Marriage is 'colorblind' but not 'sex-blind', says Catholic author
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After a wedding venue employee in Mississippi cited her Christian beliefs in refusing to host the wedding of a mixed-race couple, a Catholic scholar clarified that "marriage is a colorblind institution."
Mixed racial marriage
Booneville, Mississippi, (CNA) - After a wedding venue employee in Mississippi cited her Christian beliefs in refusing to host the wedding of a mixed-race couple, a Catholic scholar clarified that "marriage is a colorblind institution."
"A man and a woman, regardless of their race, can unite as one-flesh as husband and wife, and that marital union can give rise to new life and connect that life with his or her mother and father," said Ryan T. Anderson, the John Paul II Teaching Fellow at the University of Dallas and a co-author of "What Is Marriage?: Man and Woman: A Defense."
Anderson told CNA that race is not relevant to the nature of marriage, and the race of a person does not negate any of the requirements of a valid marriage.
His comments come after a woman in charge of a wedding event venue in Mississippi apologized for declining to host the wedding of a mixed-race couple, something she had claimed violated her "Christian belief."
According to the Washington Post, a black groom-to-be and a white bride-to-be had scheduled their wedding celebration to be held at Boone's Camp Event Hall in Booneville, Mississippi. They were finalizing plans when they were informed that the venue retroactively declined to host their celebration because the wedding would violate the owner's Christian beliefs.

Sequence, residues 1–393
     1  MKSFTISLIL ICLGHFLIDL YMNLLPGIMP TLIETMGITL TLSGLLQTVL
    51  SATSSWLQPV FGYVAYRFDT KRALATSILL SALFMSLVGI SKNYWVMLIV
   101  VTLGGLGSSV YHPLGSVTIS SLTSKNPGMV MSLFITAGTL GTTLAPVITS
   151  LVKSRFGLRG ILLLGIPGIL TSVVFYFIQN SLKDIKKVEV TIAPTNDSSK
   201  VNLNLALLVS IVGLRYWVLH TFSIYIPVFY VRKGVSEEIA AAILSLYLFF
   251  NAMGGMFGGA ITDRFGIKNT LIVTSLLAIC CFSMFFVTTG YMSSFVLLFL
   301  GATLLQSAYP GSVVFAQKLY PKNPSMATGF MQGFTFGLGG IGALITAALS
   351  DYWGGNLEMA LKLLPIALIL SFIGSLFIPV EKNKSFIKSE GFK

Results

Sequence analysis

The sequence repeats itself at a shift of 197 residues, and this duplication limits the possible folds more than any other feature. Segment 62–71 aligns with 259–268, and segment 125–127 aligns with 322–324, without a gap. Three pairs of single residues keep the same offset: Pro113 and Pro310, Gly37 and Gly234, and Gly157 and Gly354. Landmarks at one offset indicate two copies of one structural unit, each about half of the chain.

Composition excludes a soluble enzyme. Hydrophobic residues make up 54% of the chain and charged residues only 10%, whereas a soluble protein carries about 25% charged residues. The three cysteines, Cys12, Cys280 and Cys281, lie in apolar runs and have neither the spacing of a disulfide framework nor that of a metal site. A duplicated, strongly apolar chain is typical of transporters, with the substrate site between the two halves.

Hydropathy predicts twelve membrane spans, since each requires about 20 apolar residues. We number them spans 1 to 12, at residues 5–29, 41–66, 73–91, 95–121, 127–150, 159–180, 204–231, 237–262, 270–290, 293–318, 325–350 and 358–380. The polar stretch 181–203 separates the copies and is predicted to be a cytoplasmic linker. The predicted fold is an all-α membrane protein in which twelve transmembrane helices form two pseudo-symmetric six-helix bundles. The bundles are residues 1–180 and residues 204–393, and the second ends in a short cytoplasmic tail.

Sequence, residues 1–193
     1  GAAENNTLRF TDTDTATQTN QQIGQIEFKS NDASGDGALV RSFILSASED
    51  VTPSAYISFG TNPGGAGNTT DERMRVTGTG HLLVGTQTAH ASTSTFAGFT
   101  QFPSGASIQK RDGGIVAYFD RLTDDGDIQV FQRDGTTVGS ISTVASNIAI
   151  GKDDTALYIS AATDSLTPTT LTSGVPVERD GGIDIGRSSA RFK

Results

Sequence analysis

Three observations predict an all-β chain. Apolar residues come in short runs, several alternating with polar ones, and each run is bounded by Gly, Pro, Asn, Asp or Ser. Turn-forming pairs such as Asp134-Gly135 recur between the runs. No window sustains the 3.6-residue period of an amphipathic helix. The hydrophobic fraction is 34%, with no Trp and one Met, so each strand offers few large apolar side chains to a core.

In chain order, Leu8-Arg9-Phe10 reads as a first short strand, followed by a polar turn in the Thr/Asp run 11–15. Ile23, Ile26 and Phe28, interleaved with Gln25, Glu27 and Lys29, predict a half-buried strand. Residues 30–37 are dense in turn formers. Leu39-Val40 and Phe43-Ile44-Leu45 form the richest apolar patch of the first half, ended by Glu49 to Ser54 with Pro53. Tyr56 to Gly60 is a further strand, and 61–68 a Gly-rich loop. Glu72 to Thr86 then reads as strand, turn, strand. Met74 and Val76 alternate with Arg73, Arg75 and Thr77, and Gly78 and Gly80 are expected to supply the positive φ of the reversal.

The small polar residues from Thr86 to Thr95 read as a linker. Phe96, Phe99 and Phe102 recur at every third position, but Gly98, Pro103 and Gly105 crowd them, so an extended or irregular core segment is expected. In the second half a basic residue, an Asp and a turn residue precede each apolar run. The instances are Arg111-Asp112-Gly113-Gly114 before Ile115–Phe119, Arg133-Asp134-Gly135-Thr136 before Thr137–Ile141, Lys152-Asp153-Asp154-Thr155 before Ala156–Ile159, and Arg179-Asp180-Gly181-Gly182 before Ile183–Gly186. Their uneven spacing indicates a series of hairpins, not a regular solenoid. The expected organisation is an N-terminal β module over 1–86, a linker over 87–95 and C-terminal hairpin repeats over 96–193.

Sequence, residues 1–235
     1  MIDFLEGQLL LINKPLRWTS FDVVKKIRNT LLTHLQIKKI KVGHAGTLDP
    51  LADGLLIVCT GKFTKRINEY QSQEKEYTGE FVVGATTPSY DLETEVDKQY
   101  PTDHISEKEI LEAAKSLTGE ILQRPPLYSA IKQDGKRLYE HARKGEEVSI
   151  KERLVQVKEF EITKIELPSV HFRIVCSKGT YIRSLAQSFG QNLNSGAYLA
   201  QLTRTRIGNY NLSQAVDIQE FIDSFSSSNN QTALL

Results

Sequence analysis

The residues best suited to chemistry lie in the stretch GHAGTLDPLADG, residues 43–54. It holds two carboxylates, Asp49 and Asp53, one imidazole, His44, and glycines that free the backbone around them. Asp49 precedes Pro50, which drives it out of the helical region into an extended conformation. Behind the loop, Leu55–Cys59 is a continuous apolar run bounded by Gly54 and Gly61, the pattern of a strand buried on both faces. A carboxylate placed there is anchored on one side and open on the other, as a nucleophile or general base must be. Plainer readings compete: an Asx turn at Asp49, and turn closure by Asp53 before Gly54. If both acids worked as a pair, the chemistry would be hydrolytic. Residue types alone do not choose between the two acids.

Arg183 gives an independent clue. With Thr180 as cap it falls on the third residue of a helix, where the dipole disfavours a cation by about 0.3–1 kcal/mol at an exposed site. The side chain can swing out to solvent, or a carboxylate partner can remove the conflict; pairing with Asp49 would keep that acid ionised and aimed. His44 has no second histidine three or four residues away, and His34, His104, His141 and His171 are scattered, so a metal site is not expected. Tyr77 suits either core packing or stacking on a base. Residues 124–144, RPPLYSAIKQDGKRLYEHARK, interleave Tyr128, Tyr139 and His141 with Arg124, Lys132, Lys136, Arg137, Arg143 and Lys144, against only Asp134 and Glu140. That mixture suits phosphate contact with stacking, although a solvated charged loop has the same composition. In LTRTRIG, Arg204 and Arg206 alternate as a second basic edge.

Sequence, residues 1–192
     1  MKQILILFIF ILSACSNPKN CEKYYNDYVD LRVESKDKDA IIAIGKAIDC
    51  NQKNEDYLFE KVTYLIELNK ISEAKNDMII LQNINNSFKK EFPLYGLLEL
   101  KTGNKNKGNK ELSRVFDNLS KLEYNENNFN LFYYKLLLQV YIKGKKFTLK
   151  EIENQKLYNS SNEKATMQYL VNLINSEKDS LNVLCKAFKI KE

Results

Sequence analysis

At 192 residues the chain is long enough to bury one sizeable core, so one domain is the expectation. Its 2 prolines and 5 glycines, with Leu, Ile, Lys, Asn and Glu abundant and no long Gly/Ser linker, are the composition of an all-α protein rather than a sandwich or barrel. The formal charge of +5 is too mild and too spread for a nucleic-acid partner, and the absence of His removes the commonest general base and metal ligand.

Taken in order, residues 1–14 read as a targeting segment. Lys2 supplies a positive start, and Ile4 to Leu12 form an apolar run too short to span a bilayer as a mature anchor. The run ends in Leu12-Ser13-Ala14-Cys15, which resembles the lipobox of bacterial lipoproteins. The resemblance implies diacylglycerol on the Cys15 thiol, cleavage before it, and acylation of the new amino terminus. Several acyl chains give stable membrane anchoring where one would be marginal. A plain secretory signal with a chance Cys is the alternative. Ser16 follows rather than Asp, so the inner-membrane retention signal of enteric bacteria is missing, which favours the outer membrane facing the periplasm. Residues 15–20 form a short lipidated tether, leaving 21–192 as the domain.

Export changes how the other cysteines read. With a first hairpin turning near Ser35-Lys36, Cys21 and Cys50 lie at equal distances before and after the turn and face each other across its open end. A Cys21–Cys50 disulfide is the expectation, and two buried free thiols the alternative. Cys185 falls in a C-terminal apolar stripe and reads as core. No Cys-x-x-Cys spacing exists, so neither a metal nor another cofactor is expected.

The groom's mother and his sister, LaKambria S. Welch, drove to the venue to demand answers. In a filmed exchange first posted by the website Deep South Voice, Welch can be heard calmly asking a woman in a gray shirt about the cancellation.
"Well we don't do gay weddings or mixed race," the woman in the video said. "Because of our Christian race - I mean our Christian belief."
Welch told the woman that she, too, is a Christian, and asked the woman from where in the Bible her belief came.
"Well, I don't want to argue my faith," the woman responded. "We just don't participate. We just choose not to."
"Ok. So that's your Christian belief, right?" Welch said.
"Yes ma'am," the woman replied.
After the video spread on social media, the venue issued an apology that has apparently since been deleted. According to The Washington Post, the apology was reportedly written by the woman in the video, who said she did not know that the Bible did not condemn mixed-race marriages.
"As my bible reads, there are 2 requirements for marriage and race has nothing to do with either!" the apology post said, according to the Washington Post. "All of my years I had 'assumed' in my mind that I was correct, but have never taken the opportunity to research and find whether this was correct or incorrect until now."